MOSTLY WE'D LIKE to leave the scandal that has rocked the United States presidency alone. Like most such affairs, it is does not make for edifying reading.
There are, however, a couple of points worth noting: the timing of the breaking news, and the popular response to it.
Like most Middle East watchers, we were closely following Prime Minister Netanyahu's January 20 visit to Washington. Israelis tuned to the news the next morning heard an Israeli official describe the second, late night, meeting as "a war of attrition" - so intense was the pressure on Netanyahu to succumb to the Arab demand for more land. Less than one hour after that meeting, news broke that accusations had been levelled against President Clinton by a young White House intern.
In a moment the pressure was off Netanyahu and on Clinton. Forty-eight hours later the American leader was forced to face a barrage of embarrassing questions while a visiting Yasser Arafat looked on. Virtually all interest in the meeting between Clinton and the PLO leader was gone.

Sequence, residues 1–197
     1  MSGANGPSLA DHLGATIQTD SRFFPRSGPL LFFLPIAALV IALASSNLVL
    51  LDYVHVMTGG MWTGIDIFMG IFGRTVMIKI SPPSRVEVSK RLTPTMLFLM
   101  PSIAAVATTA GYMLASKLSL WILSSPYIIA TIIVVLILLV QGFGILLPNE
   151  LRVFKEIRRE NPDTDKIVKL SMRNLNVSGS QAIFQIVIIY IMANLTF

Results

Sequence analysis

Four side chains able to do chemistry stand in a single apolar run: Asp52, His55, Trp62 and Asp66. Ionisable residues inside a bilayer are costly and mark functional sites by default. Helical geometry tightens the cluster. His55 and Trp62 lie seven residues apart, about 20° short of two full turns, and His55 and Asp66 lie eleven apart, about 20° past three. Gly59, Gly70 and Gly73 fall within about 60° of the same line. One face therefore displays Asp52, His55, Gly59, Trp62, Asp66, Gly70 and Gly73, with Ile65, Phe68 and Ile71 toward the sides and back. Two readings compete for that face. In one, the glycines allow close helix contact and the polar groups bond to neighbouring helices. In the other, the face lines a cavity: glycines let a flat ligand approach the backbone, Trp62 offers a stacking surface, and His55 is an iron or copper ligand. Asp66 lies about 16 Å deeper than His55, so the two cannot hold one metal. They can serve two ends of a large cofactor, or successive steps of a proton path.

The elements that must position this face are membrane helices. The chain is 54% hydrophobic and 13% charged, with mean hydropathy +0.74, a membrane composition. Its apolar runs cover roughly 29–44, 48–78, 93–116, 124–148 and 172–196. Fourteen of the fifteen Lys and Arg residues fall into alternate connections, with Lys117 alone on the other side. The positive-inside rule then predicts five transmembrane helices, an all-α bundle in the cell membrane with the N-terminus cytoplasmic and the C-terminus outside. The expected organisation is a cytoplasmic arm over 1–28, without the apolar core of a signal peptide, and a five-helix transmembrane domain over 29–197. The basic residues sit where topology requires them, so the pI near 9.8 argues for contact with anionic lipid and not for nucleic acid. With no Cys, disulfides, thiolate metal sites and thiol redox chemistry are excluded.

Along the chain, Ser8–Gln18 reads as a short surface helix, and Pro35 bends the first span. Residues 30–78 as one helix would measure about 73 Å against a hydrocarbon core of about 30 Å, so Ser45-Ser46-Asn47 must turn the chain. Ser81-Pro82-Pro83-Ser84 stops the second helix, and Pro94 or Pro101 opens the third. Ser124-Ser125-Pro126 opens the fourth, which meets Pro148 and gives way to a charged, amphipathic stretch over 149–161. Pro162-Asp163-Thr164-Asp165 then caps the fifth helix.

Many will remember how the newly elected President Clinton encouraged Israelis with the account of his elderly pastor who, after predicting that he would become president, solemnly warned him: "God will never forgive you if you let any harm come to Israel." Said one American observer last month: 'Draw your own conclusions...'
The other noteworthy issue has been the response of the American people to these revelations about their elected leader's alleged misbehaviour. According to opinion polls, a majority of Americans - 62 per cent - believed the charges. At the same time, virtually the same number - 63 per cent - thought these "true" allegations should not prevent Clinton from continuing to lead their country.
And a poll conducted between January 30 and February 1 gave Clinton a 69 per cent approval rating - the highest of his presidency.